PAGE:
# Electrical conduction

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Chapter 2.
Electrical and Thermal Conduction
in Solids
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An Overview
In this chapter,
we will treat conduction ‘e’ in metal as
“free charges” that can be accelerated
by an applied electric field, to explain
the electrical and thermal conduction in
a solid.
Electrical conduction involves the motion of charges in a material under the
Influence of an applied electric field. By applying Newton’s 2nd law to ‘e’ motion
& using a concept of “mean free time” between ‘e’ collisions with lattice vibrations,
crystal defects, impurities, etc., we will derive the fundamental equations that
govern electrical conduction in solids.
Thermal conduction,i.e., the conduction of thermal E from higher to lower
temperature regions in a metal, involves the conduction ‘e’ carrying the energy.
Therefore, the relationship between the electrical conductivity and thermal
conductivity will be reviewed in this textbook.
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CONTENTS
Electrical Conductivity of Metals:
2.1 Classical theory : The DRUDE model
2.2 Temperature dependence of resistivity
2.3 MATTHIESSEN’s and NORDHEIM’s Rules.
2.4 Resistivity of mixtures and porous materials
2.5 The Hall Effect and Hall Devices
Thermal Conductivity:
2.6 Thermal conduction
Electrical Conductivity of Nonmetals:
2.7 Electrical conductivity of nonmetals
2.9 Thin metal films
2.10 Interconnects in microelectronics
2.11 Electromigration and Black’s equations
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2.1 Classical theory : The DRUDE model
Goal: To find out the relation between the conductivity (or resistivity) and drift velocity
, and thereby its relation to mean free time and drift mobility, from the description of the
current density
 In a conductor where ‘e’ drift in the presence of an electric field,
current density is defined as the net amount of charge flowing across a unit area per
unit time
q
J
At
J : current density
q : net quantity of charge
flowing through an area A at Ex
In this system, electrons drift with an average velocity vdx in the x-direction, called the drift velocity.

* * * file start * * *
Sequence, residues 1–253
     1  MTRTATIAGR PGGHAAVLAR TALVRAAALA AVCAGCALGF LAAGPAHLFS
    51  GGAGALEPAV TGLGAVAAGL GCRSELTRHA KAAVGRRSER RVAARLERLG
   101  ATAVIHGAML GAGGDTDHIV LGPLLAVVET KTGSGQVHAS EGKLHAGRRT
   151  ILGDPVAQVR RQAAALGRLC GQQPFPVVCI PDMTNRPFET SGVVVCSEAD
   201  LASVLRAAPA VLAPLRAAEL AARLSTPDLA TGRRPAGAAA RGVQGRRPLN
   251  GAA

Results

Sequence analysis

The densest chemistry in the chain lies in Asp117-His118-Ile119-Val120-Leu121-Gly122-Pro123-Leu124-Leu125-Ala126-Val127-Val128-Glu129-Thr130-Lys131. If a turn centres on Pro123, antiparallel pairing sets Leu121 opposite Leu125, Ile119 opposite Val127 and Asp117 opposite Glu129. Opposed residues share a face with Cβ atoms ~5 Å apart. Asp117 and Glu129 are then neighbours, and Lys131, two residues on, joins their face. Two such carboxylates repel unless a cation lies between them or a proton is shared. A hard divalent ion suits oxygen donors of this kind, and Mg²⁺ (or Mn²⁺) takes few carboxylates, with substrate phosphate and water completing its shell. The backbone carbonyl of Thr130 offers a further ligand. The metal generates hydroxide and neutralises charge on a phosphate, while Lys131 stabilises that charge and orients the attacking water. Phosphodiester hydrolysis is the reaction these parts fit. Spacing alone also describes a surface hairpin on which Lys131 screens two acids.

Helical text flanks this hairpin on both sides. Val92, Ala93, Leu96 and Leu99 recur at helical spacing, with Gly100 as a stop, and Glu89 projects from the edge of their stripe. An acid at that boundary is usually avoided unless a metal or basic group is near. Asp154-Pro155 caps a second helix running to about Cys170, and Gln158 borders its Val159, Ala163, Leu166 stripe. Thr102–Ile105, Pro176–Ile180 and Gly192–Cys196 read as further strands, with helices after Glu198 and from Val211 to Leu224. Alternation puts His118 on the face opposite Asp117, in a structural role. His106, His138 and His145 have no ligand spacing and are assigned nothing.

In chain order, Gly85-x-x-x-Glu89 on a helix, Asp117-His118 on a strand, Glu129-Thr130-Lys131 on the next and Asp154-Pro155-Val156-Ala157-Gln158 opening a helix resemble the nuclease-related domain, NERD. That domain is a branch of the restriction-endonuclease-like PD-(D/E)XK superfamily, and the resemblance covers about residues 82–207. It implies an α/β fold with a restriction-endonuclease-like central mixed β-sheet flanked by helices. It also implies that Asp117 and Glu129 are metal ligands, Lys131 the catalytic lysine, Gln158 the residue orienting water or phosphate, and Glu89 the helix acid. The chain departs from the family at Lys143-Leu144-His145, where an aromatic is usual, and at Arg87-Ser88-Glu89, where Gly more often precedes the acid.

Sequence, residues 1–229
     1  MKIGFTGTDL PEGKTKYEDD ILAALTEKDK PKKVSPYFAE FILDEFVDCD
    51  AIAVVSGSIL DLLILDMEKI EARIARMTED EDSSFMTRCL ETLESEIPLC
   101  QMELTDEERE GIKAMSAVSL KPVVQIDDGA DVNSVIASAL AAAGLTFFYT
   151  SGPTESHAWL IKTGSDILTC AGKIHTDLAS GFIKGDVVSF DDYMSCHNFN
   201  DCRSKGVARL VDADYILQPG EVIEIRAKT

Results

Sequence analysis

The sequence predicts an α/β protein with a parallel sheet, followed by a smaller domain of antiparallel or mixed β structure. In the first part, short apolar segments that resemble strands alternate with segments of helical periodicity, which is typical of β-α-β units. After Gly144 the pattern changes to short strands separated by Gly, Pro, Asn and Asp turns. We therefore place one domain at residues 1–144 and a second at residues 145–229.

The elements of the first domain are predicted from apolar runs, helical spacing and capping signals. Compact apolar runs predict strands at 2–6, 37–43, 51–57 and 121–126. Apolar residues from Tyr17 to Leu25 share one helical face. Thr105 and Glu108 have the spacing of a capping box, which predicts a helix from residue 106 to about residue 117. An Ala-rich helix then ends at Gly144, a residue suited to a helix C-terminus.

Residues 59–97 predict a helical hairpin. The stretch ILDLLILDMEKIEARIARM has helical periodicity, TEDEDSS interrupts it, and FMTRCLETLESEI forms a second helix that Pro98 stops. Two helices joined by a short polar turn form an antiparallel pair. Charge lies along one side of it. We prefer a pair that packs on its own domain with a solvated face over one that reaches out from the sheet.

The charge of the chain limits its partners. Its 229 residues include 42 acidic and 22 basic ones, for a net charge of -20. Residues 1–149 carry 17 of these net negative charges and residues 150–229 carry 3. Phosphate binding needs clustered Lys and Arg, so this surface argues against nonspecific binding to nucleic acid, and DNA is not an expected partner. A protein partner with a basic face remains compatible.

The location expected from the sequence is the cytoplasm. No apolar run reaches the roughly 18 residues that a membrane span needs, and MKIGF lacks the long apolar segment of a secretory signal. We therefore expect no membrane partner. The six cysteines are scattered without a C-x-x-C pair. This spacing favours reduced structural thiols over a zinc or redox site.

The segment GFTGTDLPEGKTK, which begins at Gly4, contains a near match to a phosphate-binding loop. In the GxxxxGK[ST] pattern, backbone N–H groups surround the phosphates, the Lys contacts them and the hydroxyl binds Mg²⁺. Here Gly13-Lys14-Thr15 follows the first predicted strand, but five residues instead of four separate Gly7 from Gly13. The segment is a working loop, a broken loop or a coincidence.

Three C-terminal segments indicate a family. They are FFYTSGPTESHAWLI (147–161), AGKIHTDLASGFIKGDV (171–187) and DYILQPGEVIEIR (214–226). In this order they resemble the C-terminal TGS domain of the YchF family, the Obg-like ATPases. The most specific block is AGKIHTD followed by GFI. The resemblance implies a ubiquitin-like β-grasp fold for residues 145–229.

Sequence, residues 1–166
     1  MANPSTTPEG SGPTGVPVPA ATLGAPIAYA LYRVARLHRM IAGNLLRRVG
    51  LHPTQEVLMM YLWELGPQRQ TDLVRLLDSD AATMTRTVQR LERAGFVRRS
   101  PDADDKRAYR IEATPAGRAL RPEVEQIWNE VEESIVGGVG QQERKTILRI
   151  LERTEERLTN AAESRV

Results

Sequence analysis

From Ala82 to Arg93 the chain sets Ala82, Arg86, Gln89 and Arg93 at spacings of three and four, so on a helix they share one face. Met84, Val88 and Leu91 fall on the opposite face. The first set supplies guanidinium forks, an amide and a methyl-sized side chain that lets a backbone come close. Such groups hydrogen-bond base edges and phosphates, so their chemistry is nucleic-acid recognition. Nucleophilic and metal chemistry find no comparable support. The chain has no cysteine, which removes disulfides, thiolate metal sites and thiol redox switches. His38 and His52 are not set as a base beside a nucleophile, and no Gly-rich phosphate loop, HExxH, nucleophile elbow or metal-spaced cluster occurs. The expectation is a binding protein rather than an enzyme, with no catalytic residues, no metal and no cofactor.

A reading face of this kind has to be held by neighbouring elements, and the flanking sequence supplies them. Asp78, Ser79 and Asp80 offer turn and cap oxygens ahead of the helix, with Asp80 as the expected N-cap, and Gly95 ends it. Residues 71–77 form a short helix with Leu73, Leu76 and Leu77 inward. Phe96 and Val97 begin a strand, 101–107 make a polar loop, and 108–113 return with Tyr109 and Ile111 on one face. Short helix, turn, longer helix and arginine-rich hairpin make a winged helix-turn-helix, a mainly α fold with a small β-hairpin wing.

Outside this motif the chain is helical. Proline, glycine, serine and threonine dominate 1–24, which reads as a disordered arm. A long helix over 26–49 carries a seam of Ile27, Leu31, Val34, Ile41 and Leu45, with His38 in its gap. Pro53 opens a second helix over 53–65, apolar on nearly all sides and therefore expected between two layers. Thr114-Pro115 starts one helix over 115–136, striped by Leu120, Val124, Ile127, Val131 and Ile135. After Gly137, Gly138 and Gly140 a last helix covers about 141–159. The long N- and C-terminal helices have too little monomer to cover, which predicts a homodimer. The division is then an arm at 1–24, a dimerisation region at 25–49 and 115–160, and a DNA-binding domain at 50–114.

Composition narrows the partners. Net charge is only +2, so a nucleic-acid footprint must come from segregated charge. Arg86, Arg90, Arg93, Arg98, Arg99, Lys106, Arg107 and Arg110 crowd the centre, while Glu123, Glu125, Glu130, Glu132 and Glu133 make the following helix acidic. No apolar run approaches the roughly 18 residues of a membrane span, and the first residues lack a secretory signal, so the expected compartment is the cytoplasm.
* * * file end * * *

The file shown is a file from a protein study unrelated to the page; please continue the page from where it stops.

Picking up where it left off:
(Here Ex is the electric field.)
 Drift velocity is defined as
the average velocity of electrons in the x direction at time t, denote by vdx(t)
vdx 
1
[v x1  v x 2  v x 3  ...  v xN ]
N
vxi : x direction velocity of the ith electrons
N : # of conduction electrons in the metal
[2.1]
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2.1.1 Metals and conduction by electrons
 Current density in the x direction can be rewritten as a function of the drift velocity
Jx 
q enAv dx t

At
At
J x (t )  envdx (t )
[2.2]
: In time Δt, the total charge Δq crossing the area A is enAΔx, where
Δx=vdxΔt and n is assumed to be the # of ‘e’ per unit volume in the
conductor (n=N/V).
: time dependent current density is useful since the average velocity at
one time is not the same as at another time, due to the change of Ex
 Think of motions of a conduction ‘e’ in metals before calculating Vdx.
(a)
A conduction ‘e’ in the electron gas moves
about randomly in a metal (with a mean speed
u) being frequently and randomly scattered by
thermal vibrations of the atoms.
In the absence of an applied field there is no
net drift in any direction.
Ex  Ex (t )
(b) In the presence of an applied field, Ex, there is a net
drift along the x-direction. This net drift along the force
of the field is superimposed on the random motion of
the electron. After many scattering events the electron
has been displaced by a net distance, Δx, from its initial
position toward the positive terminal
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2.1.1 Metals and conduction by electrons
To calculate the drift velocity vdx of the ‘e’ due to applied field Ex, we first consider the
eEx
velocity vxi of the ith ‘e’ in the x direction at t.
Since
is the acceleration a of the ‘e’ [F=qE=ma],
Let uxi be the initial velocity of ‘e’ i in the x direction just after the
collision. Vxi is written as the sum of uxi and the acceleration of
the ‘e’ after the collision. Here, we suppose that its last collision
was at time ti; therefore, for time (t-ti), it accelerated free of
collisions, as shown in Fig.2.3.
me vxi in the x direction at t is given by
uxi is velocity of ith‘e’ in the x direction after the collision
However, this is only for the ith electron. We
need the average velocity vdx for all such
electrons along x as the following eqn.
vdx 
1
eEx
[vx1  vx 2  vx3  ...  vxN ] 
(t  ti )
N
me
(t-ti) : average free time for N electrons between
collision (~ τ = mean free time or mean
scattering time)
Fig 2.3 Velocity gained in the x direction at time t from the electric field ( E x) for three different electrons.
There will be N electrons to consider in the metal.
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2.1.1 Metals and conduction by electrons
 Drift mobility (vs. mean free time)
: widely used electronic parameter in semiconductor device physics.
Suppose that τ is the mean free time or mean scattering time. Then, for some electrons, (tti) will be greater than ,and for others, it will be shorter, as shown in Fig 2.3. Averaging (tti) for N electrons will be the same as . Thus we can substitute for (t-ti) in the previous